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Complex board pursues funding for master plan

By Tia Lyons
This article was published January 13, 2018 at 5:00 a.m.

The El Dorado-Union County Recreation Complex Board has outlined the steps it will take over the next several weeks to drum up support and help secure funding to continue work on a master renovation and expansion plan for the complex.

First, the board will meet with Perry Carr, vice president of the Little Rock-based ETC Engineers and Architects, said Greg Harrison, chairman of the complex board.

ETC is reviewing and tweaking the plan that was drafted in 2014 by CADM Architecture, Inc., of El Dorado.

The plan called for the completion of the two newest fields on the south end of the complex, additional fields and related facilities — restrooms, concession stand, etc. — and more parking space.

The plan was broken down into two phases, with a total budget estimate of $1.6 million.

ETC was involved in the construction of the two newest fields — a project that began in 1997 and took several years to get the fields into playing shape, on the south end of the complex.

Carr is expected to attend the complex board’s next regular meeting at noon on Feb. 2 in the second-floor conference room of City Hall.

The board plans to make presentations to the Union County Quorum Court, who contributes a portion of the complex’s annual operating budget, along with the city of El Dorado.

The two entities used share expenses pro rata, but in 2016, the Quorum Court decided to pay a flat, annual rate and cease its assistance in covering any budget overages.

At the time, complex board members noted that the annual budget, specifically the county’s contribution, had decreased each year since 2014.

“We definitely need to get the quorum court on board first,” Harrison said.

He said the plan presented by Carr will be taken to the quorum court’s regular monthly meeting at 10 a.m. on February 15 on the third floor of the Union County Courthouse.

Harrison said he hopes that with the revised plan from ETC, the quorum court, on which he also serves, will “see that it’s economically feasible and attractive enough to fund it.”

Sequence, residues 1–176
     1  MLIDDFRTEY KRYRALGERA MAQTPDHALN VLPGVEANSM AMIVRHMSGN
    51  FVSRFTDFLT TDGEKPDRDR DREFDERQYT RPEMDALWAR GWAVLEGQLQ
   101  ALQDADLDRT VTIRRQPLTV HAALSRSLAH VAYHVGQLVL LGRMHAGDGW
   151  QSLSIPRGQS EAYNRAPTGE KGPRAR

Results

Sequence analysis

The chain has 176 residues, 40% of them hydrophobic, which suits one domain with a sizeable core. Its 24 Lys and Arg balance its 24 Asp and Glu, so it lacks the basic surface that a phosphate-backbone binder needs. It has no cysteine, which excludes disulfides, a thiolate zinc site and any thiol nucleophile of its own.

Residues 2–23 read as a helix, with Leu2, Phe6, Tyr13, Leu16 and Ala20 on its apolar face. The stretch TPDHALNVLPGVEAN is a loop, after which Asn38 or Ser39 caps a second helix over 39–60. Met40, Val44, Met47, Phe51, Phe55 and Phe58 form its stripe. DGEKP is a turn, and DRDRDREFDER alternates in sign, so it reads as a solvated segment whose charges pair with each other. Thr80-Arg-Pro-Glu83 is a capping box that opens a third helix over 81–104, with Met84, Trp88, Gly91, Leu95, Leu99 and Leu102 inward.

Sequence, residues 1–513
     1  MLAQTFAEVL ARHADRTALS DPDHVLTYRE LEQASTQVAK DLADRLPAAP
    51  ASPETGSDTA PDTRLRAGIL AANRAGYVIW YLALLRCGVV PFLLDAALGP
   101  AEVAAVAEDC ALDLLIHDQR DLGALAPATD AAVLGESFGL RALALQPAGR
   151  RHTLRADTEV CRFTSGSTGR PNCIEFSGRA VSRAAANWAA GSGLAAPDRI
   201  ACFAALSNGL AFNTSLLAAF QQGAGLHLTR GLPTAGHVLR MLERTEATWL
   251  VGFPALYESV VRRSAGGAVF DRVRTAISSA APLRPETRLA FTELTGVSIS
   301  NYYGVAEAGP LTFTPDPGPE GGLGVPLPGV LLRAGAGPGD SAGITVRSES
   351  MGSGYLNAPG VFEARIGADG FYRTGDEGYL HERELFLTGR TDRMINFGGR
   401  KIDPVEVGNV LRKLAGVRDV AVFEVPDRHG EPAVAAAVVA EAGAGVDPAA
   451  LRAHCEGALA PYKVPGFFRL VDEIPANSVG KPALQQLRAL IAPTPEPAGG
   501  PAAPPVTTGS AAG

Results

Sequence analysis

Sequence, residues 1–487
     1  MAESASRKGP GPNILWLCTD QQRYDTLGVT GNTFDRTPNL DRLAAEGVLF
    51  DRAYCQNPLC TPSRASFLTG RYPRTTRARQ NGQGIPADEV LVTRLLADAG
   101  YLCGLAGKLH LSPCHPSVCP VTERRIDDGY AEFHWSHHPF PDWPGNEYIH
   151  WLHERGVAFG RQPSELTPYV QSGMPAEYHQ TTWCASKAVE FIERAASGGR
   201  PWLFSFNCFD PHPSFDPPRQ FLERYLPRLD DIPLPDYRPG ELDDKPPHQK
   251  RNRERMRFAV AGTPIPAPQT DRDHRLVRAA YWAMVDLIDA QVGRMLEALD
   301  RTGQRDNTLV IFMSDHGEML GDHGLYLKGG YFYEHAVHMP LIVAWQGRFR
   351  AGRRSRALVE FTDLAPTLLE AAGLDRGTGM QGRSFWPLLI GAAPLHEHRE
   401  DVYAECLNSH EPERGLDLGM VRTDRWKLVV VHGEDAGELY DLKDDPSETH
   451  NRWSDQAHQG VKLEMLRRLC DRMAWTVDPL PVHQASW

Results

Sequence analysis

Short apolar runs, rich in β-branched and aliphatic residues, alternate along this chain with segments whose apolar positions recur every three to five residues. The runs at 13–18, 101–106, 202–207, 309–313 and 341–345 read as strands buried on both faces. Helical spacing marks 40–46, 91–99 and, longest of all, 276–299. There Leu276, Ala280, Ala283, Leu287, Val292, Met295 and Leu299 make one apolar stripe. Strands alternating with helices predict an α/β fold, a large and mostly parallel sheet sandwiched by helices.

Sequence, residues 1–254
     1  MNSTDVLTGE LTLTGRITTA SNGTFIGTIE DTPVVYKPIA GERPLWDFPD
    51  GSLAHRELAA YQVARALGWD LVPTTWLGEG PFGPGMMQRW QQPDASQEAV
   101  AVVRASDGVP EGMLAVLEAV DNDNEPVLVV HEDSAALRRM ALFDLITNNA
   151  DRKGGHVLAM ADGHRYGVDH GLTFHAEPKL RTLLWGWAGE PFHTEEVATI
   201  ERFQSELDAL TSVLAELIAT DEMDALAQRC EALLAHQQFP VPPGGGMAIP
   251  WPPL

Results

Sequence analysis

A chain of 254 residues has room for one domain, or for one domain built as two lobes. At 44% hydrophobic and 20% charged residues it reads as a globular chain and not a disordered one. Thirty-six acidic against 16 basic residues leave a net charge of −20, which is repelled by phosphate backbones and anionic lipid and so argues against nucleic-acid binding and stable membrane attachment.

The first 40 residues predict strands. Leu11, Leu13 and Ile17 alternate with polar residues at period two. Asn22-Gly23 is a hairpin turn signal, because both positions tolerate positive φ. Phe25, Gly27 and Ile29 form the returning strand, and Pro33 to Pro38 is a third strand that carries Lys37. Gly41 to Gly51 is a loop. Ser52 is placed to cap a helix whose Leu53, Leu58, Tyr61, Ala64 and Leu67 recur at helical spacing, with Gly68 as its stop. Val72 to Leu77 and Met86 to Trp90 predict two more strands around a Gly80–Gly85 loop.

A report from the Diamond Agency, the complex’s ad agency of record, outlined a plan to try and obtain sponsorships that could mean $27,000 in revenue for the complex, including new signage at the entrance of the facility.

“That’s $27,000 without any additional expenses on our end,” Harrison said, saying that creating a new revenue source could help improve the group’s chances with the quorum court.

He said the complex board will then turn toward the El Dorado Works Board with a funding request.

The EWB administers the city’s one-cent sales tax for economic development.

Within the framework of the temporary tax — which went into effect on 2015 and is expected to generate $50 million, conservatively, over 10 years —, 5 percent is dedicated to parks, playgrounds, and sports and recreational facilities.

Harrison said that comes to about $50,000 a year, and board member Stacy Scroggins said the amount has to be divvied up among other city parks.

“But we’re going to need more than that,” Harrison said.

Scroggins asked if the board would make a similar presentation to the El Dorado City Council, as with the quorum court.

Harrison said that if the funding request is approved by the EWB, the EWB would take it to the city council for final approval.

In 2016, the city approved $185,000 from the tax to pair with a matching grant from the Arkansas Department of Parks and Tourism to install electricity and lights to the new fields.

The project was completed last year.

Harrison also asked board members their thoughts on a possible bond issue to complete the improvement project. Board members said they would have to study the matter further.

Tia Lyons may be contacted at 870-862-6611 or by email at tlyons@ eldoradonews.com.

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